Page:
ETF (Exchange Traded Funds) – What is this!?!

I am back, had some busy weekends. Moved to a new place. Hope new home will help to deliver even better content to this blog. Today, we will continue with the subject of various assets. The particular asset we will be reviewing will be ETFs. I personally believe that this is one of the best options for many retail customers and is a fantastic tool to diversify your portfolio with minimal time, cost and effort. Also one of the easiest way to invest in foreign countries with minimal cost.

ETF Definition:

There are many options for ETFs in the market. It can be a bit overwhelming, they can cover various assets, regions, sectors and markets. The key thing to keep in mind, you what to minimise cost and get good diversification, also need to look into your overall portfolio and make sure that there are no considerable overlapping. For example, if you have a significant investment in technology stocks, you need to ensure that your ETF has lower exposure in this sector. Of course, if you like more exposure opposite is true.

Let’s go now via name and what means:

Exchange – The asset class is traded on some exchange like LSE or NYSE. This is a venue, where buyers and sellers can exchange financial products like ETFs, stocks, bonds.

Traded – You can buy and sell this product in exchanges any time while these are open.

Fund – Mean that include multiple assets in a particular combination.

ETFs are run by computers, thus, low running cost (0.2%-0.8%). You can have ETF tracking FTSE 100, small-cap stocks in all over the world, world index, bond index, etc.

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Shares, Stocks, Equity – What are they? Where do they come from?!

This is the first blog, that will start to look into a building block of Asset Allocation in more detail. This will be exciting series that will cover bonds, equity, alternatives, funds, etc.

Please keep in mind that blog is about investing and not trading. We aim to buy low (or when the price is going down) and sell high (or when the price is going up). Opposite to trading, where you buy when the price increase and sell when the price goes down.

From previous blogs, you may have decided, how much you would like to invest in stock, but before you start, we should understand these a little better.

You may have heard before that when you buy a share, you buy part of the company. Easy to remember, no? Of course, it is a quite small part in the beginning. But why do companies sell their shares? Well,  it is all to do with the capital structure of the company, they do not want to take more debt and could raise funds by offering part of the company to the public. This is also what is called IPS (Initial public offering). Companies’ usually use funds for expansion or paying back some debt. In UK, companies are broadly classed as Limited (Ltd) or Public (PLC). Both can sell shares to investors, but as retail investors, we are interested in PLCs, these companies offer their share via the stock exchange, which is called London Stock Exchange. For the reader, who is not in  UK structures are still very similar.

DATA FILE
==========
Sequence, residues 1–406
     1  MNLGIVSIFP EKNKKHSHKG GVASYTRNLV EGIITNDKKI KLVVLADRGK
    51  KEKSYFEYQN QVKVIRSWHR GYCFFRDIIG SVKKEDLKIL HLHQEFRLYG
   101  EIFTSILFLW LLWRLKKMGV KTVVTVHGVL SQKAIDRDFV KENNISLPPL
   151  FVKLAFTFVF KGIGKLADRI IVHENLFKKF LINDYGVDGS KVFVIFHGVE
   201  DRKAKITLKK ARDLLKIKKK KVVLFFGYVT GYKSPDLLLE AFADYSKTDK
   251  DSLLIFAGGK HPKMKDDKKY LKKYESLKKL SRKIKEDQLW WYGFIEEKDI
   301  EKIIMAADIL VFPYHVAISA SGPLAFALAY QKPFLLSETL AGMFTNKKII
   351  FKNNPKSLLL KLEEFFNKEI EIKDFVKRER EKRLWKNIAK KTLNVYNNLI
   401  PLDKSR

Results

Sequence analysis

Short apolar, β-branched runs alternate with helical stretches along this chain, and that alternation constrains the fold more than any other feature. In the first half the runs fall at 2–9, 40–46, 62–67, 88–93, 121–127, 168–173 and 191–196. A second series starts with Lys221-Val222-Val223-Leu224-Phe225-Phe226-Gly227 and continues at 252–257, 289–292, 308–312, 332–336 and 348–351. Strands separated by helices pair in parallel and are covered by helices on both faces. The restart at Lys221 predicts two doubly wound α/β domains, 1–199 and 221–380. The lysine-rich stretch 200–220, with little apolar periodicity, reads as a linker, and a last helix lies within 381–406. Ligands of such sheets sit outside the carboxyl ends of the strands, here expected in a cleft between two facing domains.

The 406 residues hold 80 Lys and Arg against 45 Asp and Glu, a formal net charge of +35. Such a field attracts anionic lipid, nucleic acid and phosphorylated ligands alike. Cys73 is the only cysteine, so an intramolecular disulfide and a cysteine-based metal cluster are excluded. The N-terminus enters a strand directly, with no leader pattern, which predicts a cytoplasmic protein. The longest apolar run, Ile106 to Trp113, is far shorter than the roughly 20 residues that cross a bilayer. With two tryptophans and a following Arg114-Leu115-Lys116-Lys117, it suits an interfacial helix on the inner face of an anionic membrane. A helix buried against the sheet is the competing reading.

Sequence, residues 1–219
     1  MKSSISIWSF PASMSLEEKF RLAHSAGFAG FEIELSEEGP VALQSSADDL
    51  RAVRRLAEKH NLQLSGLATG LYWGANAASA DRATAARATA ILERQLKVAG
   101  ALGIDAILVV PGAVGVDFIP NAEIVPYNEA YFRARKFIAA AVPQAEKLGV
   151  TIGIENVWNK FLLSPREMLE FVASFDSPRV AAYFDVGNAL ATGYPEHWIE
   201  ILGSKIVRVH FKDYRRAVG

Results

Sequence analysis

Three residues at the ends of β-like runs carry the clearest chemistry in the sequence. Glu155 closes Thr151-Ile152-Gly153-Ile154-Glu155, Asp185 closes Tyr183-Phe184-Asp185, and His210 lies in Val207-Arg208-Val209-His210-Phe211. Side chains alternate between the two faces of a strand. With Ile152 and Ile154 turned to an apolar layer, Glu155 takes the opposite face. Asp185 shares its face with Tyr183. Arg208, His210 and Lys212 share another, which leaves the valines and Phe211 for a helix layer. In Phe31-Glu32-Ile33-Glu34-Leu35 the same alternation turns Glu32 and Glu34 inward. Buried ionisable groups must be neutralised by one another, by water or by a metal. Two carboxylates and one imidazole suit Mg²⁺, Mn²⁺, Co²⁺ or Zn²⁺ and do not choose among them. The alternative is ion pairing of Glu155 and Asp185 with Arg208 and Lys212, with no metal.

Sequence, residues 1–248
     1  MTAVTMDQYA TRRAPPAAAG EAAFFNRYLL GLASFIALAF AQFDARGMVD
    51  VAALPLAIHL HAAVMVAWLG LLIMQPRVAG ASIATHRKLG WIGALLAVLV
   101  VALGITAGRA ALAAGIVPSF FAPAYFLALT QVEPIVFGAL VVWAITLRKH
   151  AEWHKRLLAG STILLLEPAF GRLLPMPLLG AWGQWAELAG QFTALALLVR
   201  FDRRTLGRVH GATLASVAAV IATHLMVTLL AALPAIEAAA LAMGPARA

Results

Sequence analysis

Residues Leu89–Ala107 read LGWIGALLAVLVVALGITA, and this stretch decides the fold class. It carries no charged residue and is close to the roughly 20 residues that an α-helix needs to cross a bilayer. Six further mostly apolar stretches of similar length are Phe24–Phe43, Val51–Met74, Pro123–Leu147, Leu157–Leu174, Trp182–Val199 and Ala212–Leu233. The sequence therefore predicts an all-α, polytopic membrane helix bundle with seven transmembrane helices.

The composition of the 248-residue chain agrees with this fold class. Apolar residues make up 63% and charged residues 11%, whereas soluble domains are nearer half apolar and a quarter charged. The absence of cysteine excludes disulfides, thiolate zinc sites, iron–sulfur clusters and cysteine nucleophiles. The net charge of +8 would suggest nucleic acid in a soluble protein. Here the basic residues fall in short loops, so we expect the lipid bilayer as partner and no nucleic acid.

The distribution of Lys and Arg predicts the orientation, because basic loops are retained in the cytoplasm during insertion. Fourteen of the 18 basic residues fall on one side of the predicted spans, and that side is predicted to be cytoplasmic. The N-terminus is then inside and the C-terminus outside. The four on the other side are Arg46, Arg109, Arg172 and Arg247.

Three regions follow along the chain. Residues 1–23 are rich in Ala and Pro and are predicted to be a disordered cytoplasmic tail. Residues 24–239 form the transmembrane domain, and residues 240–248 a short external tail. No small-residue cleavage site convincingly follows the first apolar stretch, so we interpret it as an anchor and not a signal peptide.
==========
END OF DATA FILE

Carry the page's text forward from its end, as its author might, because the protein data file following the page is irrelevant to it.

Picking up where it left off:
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Simple and Sustainable Asset Allocation solution in just 5x6min videos!

Introduction:

After I have created my blog and started writing about investment, I, also, started investigated what else is available on the internet. Pages like Investopedia, which is a great source. Also, I come about the same name book as my blog, with some great short videos from the author. Therefore, I have decided to share these with you.

Have fun watching. This will help you better understand subjects we will review in the future blogs. Also, keep your mind open there isn’t just one investment strategy. Continue reading →

The practical way to create investment Portfolio!

Here we go my first blog, where I will be providing some useful information on how to start investing! We will touch on bonds, stocks and exchange traded products. This particular Blog will be very efficient and practical. Multiple subjects will be mentioned without expanding for now. Thought I will prepare linked blogs to expand these.

So shall we make some investment! What will we need to create our first investment portfolio?!?

Ingredient 1: Savings:

No way around it. You need to start saving. You cannot invest safely without any initial capital, even if this is just minimal. If you have any debt, you should pay it back first as debt is outflow with certainty in your life. Make sure you have sufficient cash flow after paying your debt & other expenses. When all is considered you start saving and can start allocating residual to your investment portfolio.

So how much cash flow we will need to start? Well as little as £20 pounds a month will do in the beginning. However, more you save higher your portfolio in the future as all powerful cumulative interest will kick in. Also, your transaction cost will be the lower percentage of the overall portfolio.  I would recommend saving anywhere from few hundreds (100,200 etc.) to few thousands a month.

Simple example on Cumulative interest rate:

Save £20 a month with the annual return of 5%, time period 5 years.

>>> After five-year:  Portfolio Value £1,385.79, Profit  £185.79.

Save £500 a month with the annual return of 5%, time period 5 years.

>>> After five-year: Portfolio Value £34,644.72, Profit £4,644.72.

Ingredient 2: Portfolio allocation decision: Continue reading →